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Mbazomo v. Etourandtravel, Inc.

United States District Court, E.D. California, Sacramento

May 26, 2017

ONDRA MBAZOMO, on Behalf of Herself and all Others Similarly Situated, Plaintiff,


          Stanley A. Bastian United States District Judge.

         Before the Court is Plaintiff's Notice of Motion and Motion to Compel Production of Documents and Further Responses to Interrogatories, ECF No. 20. The Court has considered the motion, ECF No. 20; Plaintiff's Notice of Request to Seal Documents, ECF No. 21; the Joint Statement Regarding the Discovery Disagreement, ECF No. 22, and the associated declarations and exhibits; the sealed documents, ECF Nos. 29 and 30; Plaintiff's Request for Judicial Notice, ECF No. 23; and Plaintiff's Request for Leave to File Response to Brannon Declaration, ECF No. 25.

         Fully briefed of the issues, the Court GRANTS the motion, orders the production of discovery as described in detail below, and declines to order the award of costs and fees in preparing this motion.


         On September 19, 2016 Plaintiff Ondra Mbazomo filed this case under the 3 federal Telephonic Consumer Protection Act (“TCPA”), 47 U.S.C. § 227 et seq., alleging that Defendant ETourandTravel, Inc. illegally telephoned her using an autodialier or an artificial or pre-recorded voice. Plaintiff filed the case as a putative class action. Defendant moved to dismiss the case on November 9, 2016 and the Court denied the motion on December 8, 2016.

         The Defendant properly answered and the parties entered a stipulated protective order, which the Court declined to enter itself. An initial scheduling conference occurred on January 23, 2017 where the Court ordered discovery to ensue and set a timeline for a motion for class certification to be filed. The parties met and conferred on several discovery disputes over the month of March 2017. Plaintiff filed the instant motion to compel on March 28, 2017.

         The parties jointly requested that several documents be filed under seal, and jointly filed their Joint Statement Regarding the Discovery Dispute, ECF No. 22. Plaintiff also requested that judicial notice be taken of an allegedly relevant discovery order before the United States District Court for the Middle District of Florida.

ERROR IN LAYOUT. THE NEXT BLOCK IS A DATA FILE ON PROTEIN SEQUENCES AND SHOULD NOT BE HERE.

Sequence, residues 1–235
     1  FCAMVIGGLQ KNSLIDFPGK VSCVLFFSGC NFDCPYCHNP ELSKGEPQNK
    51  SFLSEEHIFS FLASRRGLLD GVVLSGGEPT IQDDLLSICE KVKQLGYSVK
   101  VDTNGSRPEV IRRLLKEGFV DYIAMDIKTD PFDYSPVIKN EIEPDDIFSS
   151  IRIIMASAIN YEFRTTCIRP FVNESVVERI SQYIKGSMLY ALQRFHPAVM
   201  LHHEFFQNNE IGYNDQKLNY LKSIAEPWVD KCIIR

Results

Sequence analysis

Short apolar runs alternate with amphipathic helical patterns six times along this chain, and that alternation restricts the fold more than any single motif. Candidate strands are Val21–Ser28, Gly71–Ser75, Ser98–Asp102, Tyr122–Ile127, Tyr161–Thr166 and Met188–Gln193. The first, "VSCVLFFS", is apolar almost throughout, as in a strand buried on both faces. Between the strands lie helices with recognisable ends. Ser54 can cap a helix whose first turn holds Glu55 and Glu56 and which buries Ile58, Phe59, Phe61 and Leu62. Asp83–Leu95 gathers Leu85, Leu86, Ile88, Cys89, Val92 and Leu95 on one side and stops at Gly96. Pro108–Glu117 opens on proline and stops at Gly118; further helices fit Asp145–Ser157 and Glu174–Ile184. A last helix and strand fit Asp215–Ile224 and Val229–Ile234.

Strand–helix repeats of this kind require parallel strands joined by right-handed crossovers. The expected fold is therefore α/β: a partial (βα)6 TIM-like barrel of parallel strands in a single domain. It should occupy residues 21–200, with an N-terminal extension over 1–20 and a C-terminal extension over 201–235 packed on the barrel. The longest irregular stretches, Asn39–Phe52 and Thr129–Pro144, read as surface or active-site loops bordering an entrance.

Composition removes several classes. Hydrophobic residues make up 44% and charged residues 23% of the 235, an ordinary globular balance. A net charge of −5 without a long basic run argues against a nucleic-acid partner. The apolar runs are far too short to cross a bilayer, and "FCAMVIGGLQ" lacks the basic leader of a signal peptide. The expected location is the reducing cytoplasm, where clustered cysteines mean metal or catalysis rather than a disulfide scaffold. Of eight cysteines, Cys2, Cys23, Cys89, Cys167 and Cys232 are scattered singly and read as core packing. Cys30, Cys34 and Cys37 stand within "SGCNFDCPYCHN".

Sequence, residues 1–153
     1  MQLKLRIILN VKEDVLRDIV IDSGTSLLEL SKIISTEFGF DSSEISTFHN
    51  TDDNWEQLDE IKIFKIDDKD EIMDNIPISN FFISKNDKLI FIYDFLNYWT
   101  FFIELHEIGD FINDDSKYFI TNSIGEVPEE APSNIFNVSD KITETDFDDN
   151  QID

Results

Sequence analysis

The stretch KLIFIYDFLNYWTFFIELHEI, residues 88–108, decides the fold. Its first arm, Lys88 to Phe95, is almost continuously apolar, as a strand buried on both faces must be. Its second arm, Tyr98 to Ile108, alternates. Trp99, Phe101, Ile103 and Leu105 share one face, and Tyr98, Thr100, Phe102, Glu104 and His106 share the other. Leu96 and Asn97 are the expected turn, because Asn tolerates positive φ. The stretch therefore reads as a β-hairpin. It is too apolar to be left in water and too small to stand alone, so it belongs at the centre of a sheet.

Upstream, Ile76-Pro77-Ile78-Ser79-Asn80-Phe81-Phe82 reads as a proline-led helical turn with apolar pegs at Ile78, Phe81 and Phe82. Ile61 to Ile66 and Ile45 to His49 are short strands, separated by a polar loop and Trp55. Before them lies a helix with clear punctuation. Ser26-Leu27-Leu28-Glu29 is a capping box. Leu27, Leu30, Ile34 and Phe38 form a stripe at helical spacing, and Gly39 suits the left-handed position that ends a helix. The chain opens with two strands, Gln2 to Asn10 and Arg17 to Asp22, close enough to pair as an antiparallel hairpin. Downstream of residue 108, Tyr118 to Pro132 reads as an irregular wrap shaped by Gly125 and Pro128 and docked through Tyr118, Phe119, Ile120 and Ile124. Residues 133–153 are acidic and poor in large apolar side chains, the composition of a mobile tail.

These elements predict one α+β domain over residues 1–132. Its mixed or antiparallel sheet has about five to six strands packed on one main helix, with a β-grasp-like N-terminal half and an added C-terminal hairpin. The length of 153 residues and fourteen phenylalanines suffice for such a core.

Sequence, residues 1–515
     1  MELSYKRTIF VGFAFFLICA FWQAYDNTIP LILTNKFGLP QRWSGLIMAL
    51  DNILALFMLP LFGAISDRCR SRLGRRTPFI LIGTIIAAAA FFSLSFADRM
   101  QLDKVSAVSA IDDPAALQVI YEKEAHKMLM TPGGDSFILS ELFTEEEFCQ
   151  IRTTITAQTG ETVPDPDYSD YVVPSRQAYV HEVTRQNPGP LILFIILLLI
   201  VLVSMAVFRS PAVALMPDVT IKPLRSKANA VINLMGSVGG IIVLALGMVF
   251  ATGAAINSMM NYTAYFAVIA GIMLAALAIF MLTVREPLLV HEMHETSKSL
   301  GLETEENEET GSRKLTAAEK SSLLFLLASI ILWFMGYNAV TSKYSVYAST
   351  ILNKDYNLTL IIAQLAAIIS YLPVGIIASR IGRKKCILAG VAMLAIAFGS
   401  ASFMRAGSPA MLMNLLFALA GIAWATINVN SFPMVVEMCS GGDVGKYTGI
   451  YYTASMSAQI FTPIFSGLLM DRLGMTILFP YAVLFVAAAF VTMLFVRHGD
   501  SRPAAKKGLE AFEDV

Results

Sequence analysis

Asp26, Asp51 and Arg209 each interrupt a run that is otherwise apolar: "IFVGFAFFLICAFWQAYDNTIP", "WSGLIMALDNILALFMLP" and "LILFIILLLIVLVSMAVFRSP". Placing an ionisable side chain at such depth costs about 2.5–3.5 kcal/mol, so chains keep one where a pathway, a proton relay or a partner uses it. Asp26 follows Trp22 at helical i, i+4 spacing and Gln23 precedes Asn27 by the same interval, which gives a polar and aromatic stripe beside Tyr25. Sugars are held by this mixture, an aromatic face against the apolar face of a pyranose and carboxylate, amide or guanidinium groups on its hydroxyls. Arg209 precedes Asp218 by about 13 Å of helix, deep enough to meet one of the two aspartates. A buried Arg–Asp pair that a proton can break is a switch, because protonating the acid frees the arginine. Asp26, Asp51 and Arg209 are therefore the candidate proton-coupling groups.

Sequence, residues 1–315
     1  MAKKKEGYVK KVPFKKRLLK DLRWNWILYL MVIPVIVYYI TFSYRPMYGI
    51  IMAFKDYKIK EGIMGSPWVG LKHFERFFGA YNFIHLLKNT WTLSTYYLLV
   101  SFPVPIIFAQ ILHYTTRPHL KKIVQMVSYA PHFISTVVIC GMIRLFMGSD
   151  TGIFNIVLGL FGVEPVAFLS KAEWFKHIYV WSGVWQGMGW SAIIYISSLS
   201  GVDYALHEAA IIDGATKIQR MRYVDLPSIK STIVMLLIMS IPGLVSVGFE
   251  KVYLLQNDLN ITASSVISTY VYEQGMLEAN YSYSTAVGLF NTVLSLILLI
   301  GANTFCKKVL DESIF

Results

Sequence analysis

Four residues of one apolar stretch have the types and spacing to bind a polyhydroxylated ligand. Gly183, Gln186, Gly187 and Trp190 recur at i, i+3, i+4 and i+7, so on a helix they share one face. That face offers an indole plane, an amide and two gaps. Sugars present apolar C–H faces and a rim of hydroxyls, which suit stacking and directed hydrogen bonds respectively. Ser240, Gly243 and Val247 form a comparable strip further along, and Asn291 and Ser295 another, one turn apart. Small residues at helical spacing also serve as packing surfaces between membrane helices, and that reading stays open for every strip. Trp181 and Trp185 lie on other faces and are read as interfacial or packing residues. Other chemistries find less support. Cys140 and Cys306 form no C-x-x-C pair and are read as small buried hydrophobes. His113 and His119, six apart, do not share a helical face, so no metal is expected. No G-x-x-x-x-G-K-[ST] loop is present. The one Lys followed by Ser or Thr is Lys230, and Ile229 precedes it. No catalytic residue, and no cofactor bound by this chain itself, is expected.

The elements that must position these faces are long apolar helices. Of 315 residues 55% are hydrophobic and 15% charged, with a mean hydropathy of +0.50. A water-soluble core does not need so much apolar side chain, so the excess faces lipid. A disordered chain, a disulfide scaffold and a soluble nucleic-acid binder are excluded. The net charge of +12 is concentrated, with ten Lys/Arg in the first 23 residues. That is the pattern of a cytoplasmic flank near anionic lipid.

Finally, while this motion was pending before the Court, the parties resolved Discovery Dispute No. 8 and stipulated to the extension of the discovery deadline and the deadline to file the forthcoming motion for class certification. See ECF Nos. 27 (proposing extensions) & No. 28 (ordering the extension).


         After the 2015 amendments to the Federal Rules of Civil Procedure, [p]arties may obtain discovery regarding any non-privileged matter that is relevant to any party's claim or defense and proportional to the needs of the case, considering the importance of the issues at stake in the action, the amount in controversy, the party's access to relevant information, the party's resources, the importance of the discovery in resolving the issues, and whether the burden and expense of the proposed discovery outweighs its likely benefit.

         Fed. R. Civ. P. 26(b)(1). “The parties and the court have a collective responsibility to consider the proportionality of all discovery and consider it in resolving discovery disputes.” In re Bard IVC Filters Prod. Liab. Litig., 317 F.R.D. 562, 564 (D. Ariz. 2016) (quoting Fed. R Civ. P. 26 Advis. Comm. Notes 2015 Amends.)). In a class action case, “[p]recertification discovery lies entirely within the court's discretion.” Doherty v. Comenity Capital Bank & Comenity Bank, No. 16CV1321-H-BGS, 2017 WL 1885677, at *3 (S.D. Cal. May 9, 2017) (citing Fed. R Civ. P. 23). See also Vinole v. Countrywide Home Loans, Inc., 571 F.3d 935, 942 (9th Cir. 2009) (citing Doninger v. Pac. Nw. Bell, Inc., 564 F.2d 1304, 1313 (9th Cir. 1977)) (“District courts have broad discretion to control the class certification process.”).

         Though in some cases and before some courts discovery may be initially limited to “certification issues such as the number of class members, the existence of common questions, typicality of claims, and the representative's ability to represent the class, ” Gusman v. Comcast Corp., 298 F.R.D. 592, 595 (S.D. Cal. 2014) (citing Oppenheimer Fund, Inc. v. Sanders, 437 U.S. 340, 359 (1978)), the Court is fully within its discretion to set either bifurcated or non-bifurcated discovery schedules in class action cases. McEwan v. OSP Grp., L.P., No. 14-CV-2823-BEN (WVG), 2016 WL 1241530, at *2 (S.D. Cal. Mar. 30, 2016). See also True Health Chiropractic Inc. v. McKesson Corp., No. 13-cv-02219-JST, 2015 WL 273188, at *1 (N.D. Cal. Jan. 20, 2015) (“The decision to bifurcate discovery in putative class actions prior to certification is committed to the discretion of the trial court.”). Indeed, “[f]acts that are relevant to the class determination frequently will overlap with those relevant to the merits of the case.” Gusman, 298 3 F.R.D. at 595 (citing Wal-Mart Stores Inc. v. Dukes, 564 U.S. 338, 349 (2011)).